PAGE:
₹324. On 10 November, the stock’s price fell during the day to a low of ₹256, which was more than a fifth lower than its issue price. Since then, the company’s stock price has recovered, and on Tuesday it closed at around ₹367, or a little over 13% higher than its issue price.
Nonetheless, several questions have been raised regarding the company’s listing. Should a startup which made a loss in the last financial year be allowed to sell shares to retail investors, especially when a large part of its IPO is an ‘offer for sale’? Further, should equity mutual funds, which primarily invest retail money in stocks, be allowed to invest in such stocks? As Honasa Consumer is not the first loss-making startup to be listed on the stock exchange, these questions hold true at a general level as well. In fact, there were two parts to the money raised through its IPO.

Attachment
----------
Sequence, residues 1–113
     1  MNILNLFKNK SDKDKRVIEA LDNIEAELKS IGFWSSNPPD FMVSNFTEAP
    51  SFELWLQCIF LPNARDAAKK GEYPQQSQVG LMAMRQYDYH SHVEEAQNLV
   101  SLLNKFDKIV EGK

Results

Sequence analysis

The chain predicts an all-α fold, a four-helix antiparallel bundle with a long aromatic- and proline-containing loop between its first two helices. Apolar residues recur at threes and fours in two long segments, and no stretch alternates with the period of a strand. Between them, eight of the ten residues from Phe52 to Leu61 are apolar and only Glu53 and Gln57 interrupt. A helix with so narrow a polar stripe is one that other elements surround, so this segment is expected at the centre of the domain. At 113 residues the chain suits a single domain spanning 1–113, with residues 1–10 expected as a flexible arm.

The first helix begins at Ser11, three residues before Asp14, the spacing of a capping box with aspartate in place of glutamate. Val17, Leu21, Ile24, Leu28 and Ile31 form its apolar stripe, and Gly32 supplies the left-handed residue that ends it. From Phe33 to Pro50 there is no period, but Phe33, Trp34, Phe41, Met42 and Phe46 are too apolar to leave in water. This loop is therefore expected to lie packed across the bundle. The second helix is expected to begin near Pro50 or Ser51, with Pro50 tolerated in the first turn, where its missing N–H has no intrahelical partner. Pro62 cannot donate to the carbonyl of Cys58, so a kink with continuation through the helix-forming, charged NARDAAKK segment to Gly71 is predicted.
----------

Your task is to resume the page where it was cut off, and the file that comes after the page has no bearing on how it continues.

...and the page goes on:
A bulk of it was an ‘offer for sale.’ So, the money raised through the sale of these shares was used to pay off existing investors who were selling their stake. Along with promoters and investment firms selling shares, other investors like Rishabh Harsh Mariwala, Kunal Bahl, Rohit Kumar Bansal and Shilpa Shetty Kundra also sold shares. At an issue price of ₹324, close to four-fifths of the IPO was an offer for sale.
Now, Honasa Consumer garnered a total of ₹765.2 crore through anchor investors. This refers to investment firms that act as anchors by buying shares in a company before its IPO opens. Of the ₹765.2 crore raised from anchor investors, seven mutual funds through 19 schemes bought shares worth ₹253 crore.
Six insurance companies also bought shares. Both mutual funds and insurance companies mainly invest money raised from retail investors. Since these retail. Read more on livemint.com